On the other hand, some multi-clad cookware is very good, indeed. As shown above, Demeyere makes an outstanding multi-ply cookware that we love and highly recommend. And some other brands make a 5-ply with 3 internal layers of aluminum. In many cases, it's just two micro-thin aluminum alloys surrounding the thicker aluminum layer, there to help with the cladding process. (Because some aluminum alloys adhere to stainless better than others.) This is a better configuration than having internal layers of stainless, even if it's closer to tri-ply than 5-ply.

Which all goes to show that cladding isn't a cut-and-dried topic. Sometimes bottom-clad cookware isn't good as tri-ply, but sometimes it's better. Sometimes, multi-ply cookware isn't as good as tri-ply, but sometimes it's better.

You have to do your research and understand what you're getting.

We discuss cladding in more detail in the product reviews below.

The upshot: Avoid multiple-ply cookware with internal stainless. Consider multiple-ply cookware with internal layers of aluminum, copper, or both.

Quality of Cladding

There are several ways to take shortcuts when manufacturing clad stainless cookware. Here's a few of the ways manufacturers can cut corners, and the problems that can result:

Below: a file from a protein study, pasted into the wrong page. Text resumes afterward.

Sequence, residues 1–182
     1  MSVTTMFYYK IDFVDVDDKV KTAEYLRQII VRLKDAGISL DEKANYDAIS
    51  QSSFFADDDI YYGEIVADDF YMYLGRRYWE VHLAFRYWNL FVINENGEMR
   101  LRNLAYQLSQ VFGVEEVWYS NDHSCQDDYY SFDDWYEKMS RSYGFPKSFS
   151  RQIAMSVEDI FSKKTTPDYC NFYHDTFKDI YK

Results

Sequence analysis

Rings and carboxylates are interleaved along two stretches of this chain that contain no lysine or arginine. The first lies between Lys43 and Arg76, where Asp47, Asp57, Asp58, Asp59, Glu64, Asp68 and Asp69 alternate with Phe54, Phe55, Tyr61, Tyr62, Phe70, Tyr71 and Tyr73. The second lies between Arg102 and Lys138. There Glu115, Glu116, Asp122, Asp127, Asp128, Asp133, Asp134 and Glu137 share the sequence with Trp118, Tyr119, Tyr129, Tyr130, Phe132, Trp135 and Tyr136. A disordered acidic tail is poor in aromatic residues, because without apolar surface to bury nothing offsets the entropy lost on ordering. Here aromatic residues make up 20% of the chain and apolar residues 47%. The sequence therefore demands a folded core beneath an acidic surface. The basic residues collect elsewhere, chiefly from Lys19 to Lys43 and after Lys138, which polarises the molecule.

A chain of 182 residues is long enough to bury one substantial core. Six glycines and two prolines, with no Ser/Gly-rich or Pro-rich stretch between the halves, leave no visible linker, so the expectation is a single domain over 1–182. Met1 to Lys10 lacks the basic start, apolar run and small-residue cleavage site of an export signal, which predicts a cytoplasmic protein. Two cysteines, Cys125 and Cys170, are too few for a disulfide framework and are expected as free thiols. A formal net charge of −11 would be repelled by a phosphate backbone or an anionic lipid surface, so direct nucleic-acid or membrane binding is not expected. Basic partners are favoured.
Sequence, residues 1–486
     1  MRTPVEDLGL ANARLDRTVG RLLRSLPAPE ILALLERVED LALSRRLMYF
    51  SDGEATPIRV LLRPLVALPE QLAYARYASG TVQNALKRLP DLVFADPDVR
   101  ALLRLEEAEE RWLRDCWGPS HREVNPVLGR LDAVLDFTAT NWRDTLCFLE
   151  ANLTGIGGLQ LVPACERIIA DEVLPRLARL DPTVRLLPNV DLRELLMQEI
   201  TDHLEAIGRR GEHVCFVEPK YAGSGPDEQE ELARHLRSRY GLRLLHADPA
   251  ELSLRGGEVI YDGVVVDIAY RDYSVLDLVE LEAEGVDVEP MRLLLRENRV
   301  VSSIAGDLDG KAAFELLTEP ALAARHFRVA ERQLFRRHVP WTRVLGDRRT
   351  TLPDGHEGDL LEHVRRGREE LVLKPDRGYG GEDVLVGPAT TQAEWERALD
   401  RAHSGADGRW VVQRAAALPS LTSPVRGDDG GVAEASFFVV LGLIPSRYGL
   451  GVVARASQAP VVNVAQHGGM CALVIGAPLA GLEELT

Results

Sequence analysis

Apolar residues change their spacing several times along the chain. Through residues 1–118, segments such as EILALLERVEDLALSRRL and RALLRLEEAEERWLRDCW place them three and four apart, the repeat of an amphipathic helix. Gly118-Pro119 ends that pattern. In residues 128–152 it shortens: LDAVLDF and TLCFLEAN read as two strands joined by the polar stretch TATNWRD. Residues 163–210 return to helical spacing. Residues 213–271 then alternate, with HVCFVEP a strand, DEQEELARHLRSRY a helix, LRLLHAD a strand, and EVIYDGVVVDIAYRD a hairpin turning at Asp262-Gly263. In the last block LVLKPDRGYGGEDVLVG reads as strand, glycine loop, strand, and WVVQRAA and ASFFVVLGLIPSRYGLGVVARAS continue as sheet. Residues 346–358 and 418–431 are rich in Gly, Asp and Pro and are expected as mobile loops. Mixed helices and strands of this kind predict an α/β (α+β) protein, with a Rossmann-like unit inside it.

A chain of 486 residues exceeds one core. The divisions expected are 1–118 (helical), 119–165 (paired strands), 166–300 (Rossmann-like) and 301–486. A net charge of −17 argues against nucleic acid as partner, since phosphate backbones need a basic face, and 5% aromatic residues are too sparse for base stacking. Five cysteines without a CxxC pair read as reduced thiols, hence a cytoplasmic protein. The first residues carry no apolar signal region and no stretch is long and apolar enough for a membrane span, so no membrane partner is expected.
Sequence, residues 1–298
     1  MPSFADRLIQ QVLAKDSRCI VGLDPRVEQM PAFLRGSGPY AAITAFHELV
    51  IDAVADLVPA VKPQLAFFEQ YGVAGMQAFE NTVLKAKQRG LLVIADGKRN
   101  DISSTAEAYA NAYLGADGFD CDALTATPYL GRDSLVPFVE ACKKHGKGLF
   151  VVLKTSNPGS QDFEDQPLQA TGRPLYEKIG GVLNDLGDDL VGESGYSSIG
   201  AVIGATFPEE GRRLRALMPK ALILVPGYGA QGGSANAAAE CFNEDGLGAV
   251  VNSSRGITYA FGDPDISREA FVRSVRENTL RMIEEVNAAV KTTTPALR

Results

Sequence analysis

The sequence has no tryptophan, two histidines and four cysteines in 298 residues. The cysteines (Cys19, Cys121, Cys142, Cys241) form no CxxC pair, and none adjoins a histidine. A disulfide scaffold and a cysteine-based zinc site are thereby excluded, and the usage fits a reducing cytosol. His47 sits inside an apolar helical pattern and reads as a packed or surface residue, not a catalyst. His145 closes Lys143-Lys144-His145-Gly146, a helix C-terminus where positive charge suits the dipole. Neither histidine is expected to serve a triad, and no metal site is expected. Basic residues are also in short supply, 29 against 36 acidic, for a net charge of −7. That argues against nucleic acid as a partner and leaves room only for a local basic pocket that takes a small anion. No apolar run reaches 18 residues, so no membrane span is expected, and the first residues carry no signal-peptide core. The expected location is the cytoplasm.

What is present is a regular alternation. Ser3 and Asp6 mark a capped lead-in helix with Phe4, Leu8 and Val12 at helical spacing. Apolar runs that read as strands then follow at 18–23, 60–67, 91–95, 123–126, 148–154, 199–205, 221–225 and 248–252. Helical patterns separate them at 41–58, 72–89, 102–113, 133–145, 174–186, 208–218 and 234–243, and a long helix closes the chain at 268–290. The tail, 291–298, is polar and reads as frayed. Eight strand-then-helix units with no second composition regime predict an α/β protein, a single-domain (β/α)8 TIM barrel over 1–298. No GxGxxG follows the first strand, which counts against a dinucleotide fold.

Manufacturer Shortcut:

Resulting Problems:

Using too thin layers of metal

-Poor durability

-Poor heat conductivity

-Prone to warping

Using cheap alloys

-Poor durability

-Poor heat conductivity

-Possibly separation of metals

Inferior cladding process (Cladding requires an immense amount of pressure)

-Poor durability

-Poor heat conductivity

-Possibly separation of metals

(Particularly true for copper, which doesn't adhere to stainless as easily as aluminum)

Summary of Cladding (What You Need to Know)

You can tell bottom- or disc-clad cookware by the "seam" where the disc is fused to the pan. Most Americans prefer fully clad cookware, but there are quality bottom-clad brands out there, too. Having said that, many inexpensive brands are bottom-clad only. Good quality bottom-clad has a disc that fully covers the bottom of the pan.

Multiple plies are not always better and can be a gimmick. Avoid multiple ply brands that have internal layers of stainless, which add little to a pan's performance (and may actually detract from it). Look for internal layers of aluminum, copper, or both.

Inexpensive cookware tends to have thin layers of cladding, resulting in poor heat conduction, poor durability, and a tendency to warp from high heat or rapid temp changes. Budget brands are fine, IF they're reputable.

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Cladding of the Top 5 Compared